Chronic obstructive pulmonary disease (COPD) and asthma are two major chronic airway diseases. Recent studies have focused on the relationship between air pollution and the development of acute exacerbations of COPD and asthma. In 2021, Liu et al. found that fine particulate matter (particles with aerodynamic diameter ≤2.5 µm; PM2.5) and nitrogen dioxide (NO2) increased the risk of COPD and asthma (1). Doiron
et al. found that PM2.5, particles with aerodynamic diameter ≤10 µm (PM10) and NO2 significantly enhanced the morbidity of COPD (2). However, in 2014, a study found that neither NO2 nor PM levels were associated with COPD morbidity (3). It can be concluded that there is no clear conclusion whether short-term exposure to air pollution increases the health risk of COPD and asthma patients. Meanwhile, in China, the available studies about air pollution are based on a three-year time series of data from 2013–2015 (4), which may not reflect the health effects of recent air quality improvement initiatives. Therefore, we analyzed daily outpatient and hospitalization data from the China CDC Disease Surveillance Point System (DSPs) from January 1, 2013 to December 31, 2018 to explore the impact of short-term exposure to air pollution on the acute effects of patients with COPD and asthma.
This study collected inpatient and outpatient data for respiratory diseases, concentration of each air pollutant, as well as temperature and relative humidity data from January 1, 2013 to December 31, 2018 in 16 hospitals in China in 5 cities (6 districts and counties). We used the International Classification of Diseases Revision 10 (ICD-10) codes J40–J44 for COPD visits and codes J45–J46 for asthma. Relevant air pollution data was obtained from the National Urban Air Quality Real-Time Release Platform, and temperature and relative humidity was obtained from the National Meteorological Information Center.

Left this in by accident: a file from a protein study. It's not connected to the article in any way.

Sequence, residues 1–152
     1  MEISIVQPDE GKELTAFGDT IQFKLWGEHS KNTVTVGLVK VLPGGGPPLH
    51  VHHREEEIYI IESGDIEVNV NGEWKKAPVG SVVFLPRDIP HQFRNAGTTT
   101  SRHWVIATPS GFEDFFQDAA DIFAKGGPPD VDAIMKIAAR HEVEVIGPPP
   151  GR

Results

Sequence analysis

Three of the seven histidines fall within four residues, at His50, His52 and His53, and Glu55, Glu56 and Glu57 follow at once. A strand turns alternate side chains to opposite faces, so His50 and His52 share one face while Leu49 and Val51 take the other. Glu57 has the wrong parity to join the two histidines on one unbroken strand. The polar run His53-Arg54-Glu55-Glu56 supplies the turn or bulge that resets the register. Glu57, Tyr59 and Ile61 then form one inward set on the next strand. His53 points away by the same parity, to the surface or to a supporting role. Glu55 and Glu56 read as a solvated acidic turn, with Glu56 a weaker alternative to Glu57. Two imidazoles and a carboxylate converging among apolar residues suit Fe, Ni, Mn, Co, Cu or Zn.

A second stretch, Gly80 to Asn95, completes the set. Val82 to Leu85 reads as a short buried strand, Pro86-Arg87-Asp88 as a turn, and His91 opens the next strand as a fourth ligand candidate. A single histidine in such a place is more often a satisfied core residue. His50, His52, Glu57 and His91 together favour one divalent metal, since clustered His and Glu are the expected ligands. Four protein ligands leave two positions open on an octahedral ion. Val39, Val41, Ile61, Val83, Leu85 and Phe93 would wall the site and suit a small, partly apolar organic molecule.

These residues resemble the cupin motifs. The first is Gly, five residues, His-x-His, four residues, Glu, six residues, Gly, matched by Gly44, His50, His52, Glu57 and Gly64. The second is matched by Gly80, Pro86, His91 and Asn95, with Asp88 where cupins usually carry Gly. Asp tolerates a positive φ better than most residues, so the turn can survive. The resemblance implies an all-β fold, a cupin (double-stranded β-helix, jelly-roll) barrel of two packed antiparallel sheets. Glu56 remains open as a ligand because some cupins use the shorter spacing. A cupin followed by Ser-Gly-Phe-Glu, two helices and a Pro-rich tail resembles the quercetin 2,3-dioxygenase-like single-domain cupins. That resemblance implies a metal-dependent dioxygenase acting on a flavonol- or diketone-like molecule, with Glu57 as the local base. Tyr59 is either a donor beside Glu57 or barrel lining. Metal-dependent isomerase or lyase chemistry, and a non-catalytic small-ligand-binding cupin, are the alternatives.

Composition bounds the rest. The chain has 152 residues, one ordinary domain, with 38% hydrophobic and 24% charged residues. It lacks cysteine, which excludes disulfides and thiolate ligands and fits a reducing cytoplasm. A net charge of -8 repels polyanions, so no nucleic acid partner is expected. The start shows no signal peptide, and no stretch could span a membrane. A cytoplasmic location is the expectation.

Pollutant concentrations were aggregated to daily means [carbon monoxide (CO), sulfur dioxides (SO2), NO2, PM2.5, and PM10] and daily maximum 8-hour means (O3).
We used a time-stratified case-crossover design to analyze the associations between air pollution and hospital admissions for respiratory diseases. A time stratum was defined as a combination of year, month, and day-of-week levels. This design allows for the adjustment of long-term and seasonal trends. We then fit a generalized linear model (GLM) with a Poisson distribution. Daily mean temperature and relative humidity were also controlled by the natural spline function in the model. The “stats” package in R software (version 4.0.2, R Foundation for Statistical Computing, Vienna, Austria) was used for analysis. Results were presented as the percentage changes and 95% confidence intervals (CIs) in daily inpatient and outpatient rates associated with a per 10 μg/m3 increase in air pollutants (CO is mg/m3). We also assessed the single-day lag effect (from 0 to 3) and the cumulative lag effect (0−1, 0−2, and 0−3) of air pollutants on daily outpatient and hospitalization rates.
In total, 85,961 outpatient visits and 62,381 hospital admissions were observed for COPD and asthma in 16 hospitals from 2013 to 2018.